Despite being different, Security and Compliance often go hand-in-hand in an IT organization. While it is important to ensure that the IT environment is secure enough to protect against internal and external threats, compliance to applicable standards like HIPAA, PCI-DSS etc. for contractual or, regulatory requirements, holds equal importance.
While these two topics span across multiple components within an IT organization’s infrastructure, in this post, we are going to talk about Linux (specifically Oracle Linux) security and compliance.

How can I ensure that my Oracle Linux environment is secure and compliant?

The very first step to ensure that your Oracle Linux environment is secure and compliant to the applicable minimum standard/s, is to scan and audit your systems for known vulnerabilities and configuration against a pre-defined checklist. There are several tools (both opensource as well as licensed) like Nessus, Nmap, Nikto, OpenVAS and OpenSCAP etc. (the list goes on..) available in the market which can help you to scan your Linux environment and provide necessary recommendations and in some cases remediate known issues for you.

What is OpenSCAP?

While not advocating in favor or, against any of the available products, I found OpenSCAP really easy to install and use. SCAP is the U.S. Standard maintained by NIST (National Institute of Standards and Technology). OpenSCAP is a set or, suite of opensource tools which provides a standardized and automated solution to audit and manage system security and vulnerabilities against a variety of system hardening guidelines and baselines. It is compatible with both Windows and Linux operating systems. The toolset includes:

The Oracle Configuration and compliance cloud offering as part of OMC (Oracle Management Cloud) also uses SCAP for assessments. You can also integrate OpenSCAP with Spacewalk for Oracle!

How to install and audit systems using OpenSCAP?

The method will depend on what you want to go with. The links above provides details on how to install and configure each component and then integrate with OMC or, Spacewalk. The base requirement to install the required packages and security guides remains common though.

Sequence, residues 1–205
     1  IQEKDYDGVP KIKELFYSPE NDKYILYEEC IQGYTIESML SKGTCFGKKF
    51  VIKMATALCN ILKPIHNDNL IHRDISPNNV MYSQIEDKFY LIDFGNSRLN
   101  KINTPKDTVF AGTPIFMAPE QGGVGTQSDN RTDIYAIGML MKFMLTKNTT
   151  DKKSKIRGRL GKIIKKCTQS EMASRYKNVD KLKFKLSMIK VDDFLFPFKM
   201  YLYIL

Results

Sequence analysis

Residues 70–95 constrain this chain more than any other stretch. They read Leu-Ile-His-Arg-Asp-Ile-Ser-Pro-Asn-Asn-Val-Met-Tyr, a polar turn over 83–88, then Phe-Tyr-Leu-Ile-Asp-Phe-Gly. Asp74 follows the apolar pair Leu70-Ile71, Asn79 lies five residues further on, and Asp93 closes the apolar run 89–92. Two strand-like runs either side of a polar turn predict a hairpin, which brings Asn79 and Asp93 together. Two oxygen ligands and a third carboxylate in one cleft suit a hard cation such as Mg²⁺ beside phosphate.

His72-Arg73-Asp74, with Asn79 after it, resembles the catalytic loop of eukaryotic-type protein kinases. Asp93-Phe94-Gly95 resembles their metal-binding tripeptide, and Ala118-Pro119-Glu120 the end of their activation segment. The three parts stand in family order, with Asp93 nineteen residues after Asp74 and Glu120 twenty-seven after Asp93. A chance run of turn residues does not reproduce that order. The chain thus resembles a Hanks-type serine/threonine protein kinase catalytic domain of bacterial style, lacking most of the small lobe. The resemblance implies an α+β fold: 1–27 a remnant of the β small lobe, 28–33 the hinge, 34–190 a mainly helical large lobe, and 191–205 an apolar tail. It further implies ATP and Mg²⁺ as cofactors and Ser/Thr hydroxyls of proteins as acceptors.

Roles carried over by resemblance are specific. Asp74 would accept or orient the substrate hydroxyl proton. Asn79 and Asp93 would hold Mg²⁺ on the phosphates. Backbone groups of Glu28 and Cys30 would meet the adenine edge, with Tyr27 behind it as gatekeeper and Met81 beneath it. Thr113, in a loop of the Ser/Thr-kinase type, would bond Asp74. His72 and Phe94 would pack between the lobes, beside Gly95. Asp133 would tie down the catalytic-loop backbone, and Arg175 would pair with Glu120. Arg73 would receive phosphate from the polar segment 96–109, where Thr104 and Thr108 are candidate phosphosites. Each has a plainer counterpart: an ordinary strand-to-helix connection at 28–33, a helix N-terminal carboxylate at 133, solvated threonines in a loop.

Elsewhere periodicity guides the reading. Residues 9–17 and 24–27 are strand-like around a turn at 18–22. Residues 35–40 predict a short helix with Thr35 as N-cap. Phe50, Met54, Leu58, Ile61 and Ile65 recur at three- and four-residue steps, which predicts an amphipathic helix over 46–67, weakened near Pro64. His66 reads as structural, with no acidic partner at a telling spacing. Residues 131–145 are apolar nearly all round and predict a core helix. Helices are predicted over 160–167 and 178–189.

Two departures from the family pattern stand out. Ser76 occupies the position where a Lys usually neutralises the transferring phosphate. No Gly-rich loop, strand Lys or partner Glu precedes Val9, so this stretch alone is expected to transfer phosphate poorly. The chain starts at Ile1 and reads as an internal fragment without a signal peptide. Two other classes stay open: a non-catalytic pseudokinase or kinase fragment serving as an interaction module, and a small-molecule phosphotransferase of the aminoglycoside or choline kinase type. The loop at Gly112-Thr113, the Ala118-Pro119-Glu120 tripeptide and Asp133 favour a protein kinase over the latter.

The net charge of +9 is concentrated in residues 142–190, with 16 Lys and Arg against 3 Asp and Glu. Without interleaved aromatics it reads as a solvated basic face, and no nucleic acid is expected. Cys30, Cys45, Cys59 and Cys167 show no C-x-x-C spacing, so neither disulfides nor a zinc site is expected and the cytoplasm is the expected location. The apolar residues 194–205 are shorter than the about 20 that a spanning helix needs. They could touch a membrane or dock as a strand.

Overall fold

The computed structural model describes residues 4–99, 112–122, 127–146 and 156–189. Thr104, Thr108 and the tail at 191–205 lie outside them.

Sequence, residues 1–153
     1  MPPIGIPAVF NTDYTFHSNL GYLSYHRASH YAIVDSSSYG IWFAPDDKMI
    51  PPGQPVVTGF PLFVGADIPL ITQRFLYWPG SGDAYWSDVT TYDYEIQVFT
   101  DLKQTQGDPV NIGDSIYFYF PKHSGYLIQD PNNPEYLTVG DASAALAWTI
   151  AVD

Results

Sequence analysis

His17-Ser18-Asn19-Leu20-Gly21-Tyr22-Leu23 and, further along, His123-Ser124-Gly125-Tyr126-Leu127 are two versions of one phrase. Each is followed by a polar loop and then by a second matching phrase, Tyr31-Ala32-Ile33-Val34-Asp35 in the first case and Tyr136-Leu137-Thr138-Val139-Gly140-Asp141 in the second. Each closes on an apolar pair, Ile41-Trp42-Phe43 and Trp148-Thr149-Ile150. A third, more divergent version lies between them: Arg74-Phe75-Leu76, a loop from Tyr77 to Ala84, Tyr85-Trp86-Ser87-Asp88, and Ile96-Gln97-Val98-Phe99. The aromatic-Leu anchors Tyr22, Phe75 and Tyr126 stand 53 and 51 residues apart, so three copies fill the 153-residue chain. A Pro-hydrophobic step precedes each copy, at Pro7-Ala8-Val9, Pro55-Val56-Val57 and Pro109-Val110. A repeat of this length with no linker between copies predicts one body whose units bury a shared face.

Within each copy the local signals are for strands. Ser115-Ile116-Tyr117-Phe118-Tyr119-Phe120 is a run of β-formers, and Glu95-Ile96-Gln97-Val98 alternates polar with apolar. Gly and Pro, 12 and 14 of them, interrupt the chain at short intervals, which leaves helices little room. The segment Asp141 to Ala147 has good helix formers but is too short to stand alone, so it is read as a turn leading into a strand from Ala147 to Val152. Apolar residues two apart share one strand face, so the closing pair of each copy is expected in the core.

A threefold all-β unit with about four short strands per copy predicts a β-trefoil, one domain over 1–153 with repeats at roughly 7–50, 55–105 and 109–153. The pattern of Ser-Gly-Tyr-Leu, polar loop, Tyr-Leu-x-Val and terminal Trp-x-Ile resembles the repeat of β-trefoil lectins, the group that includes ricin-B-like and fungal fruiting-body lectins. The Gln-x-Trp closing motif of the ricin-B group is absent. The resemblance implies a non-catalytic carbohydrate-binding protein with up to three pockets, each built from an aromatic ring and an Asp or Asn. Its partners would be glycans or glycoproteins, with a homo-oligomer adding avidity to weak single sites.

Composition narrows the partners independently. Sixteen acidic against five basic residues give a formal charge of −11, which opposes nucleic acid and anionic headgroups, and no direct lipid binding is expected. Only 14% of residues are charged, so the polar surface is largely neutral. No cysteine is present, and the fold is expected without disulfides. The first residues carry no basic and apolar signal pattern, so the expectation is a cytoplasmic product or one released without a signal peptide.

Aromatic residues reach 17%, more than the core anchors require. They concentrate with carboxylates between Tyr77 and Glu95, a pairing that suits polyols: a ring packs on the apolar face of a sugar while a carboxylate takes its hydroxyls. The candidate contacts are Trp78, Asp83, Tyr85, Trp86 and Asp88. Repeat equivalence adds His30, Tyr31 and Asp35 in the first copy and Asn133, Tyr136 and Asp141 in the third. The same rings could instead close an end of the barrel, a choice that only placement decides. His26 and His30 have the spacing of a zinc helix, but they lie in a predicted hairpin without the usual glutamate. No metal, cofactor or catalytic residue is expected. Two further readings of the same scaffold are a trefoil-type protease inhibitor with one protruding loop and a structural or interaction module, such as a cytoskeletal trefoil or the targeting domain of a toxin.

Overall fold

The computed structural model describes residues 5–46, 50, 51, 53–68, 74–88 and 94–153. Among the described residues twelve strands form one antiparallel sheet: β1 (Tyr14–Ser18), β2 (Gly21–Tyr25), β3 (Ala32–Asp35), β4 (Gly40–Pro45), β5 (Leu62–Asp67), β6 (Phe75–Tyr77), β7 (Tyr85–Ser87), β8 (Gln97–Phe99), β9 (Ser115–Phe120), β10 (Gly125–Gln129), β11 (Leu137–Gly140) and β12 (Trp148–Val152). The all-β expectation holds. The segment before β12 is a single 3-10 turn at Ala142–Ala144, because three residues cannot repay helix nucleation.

If you are an experienced user and would like to perform the scans using command line and also leverage the beauty of ansible, please feel free to download the “ansible-oracle-linux-oscap” role from my github repository.

ansible-oracle-linux-oscap

Ansible role to execute OVAL (Open Vulnerability and Assessment Language) and XCCDF (Extensible Configuration Checklist Description Format) based OSCAP (OpenSCAP) scan on multiple Oracle Linux machines.
Use this role to:

  • Install the latest oscap packages and security guides
  • Scan Oracle Linux systems
  • Collect all the html and xml reports at a centralized location

By default, this role scans the systems based on standard profile however, the behavior can be controlled by the variable “oscap_profile”.
IMP: Do not use this role on engineered systems like (PCA, ZFS and Exadata).

Role variables:

This role requires the following variables which are defined in defaults/main.yml.

  oscap_profile: standard
  oscap_policy_oel7: ssg-rhel7-xccdf
  oscap_policy_oel6: ssg-rhel6-xccdf
  local_report_dir: /tmp/oscap-scan-latest
  Central_report_dir: /mnt/sec_scan
  scap_config_dir: /usr/share/xml/scap/ssg/content
  ansible_python_interpreter: "/usr/bin/python"
  central_server: <FQDN of ansible controller server>

Download the OVAL definitions file (com.oracle.elsa-all.xml) from https://linux.oracle.com/security/oval/ , save it to {{ Central_report_dir }}/OVAL directory and execute the role in a playbook.

- hosts: servers
  roles:
     - { role: ansible-oracle-linux-oscap }

Report samples: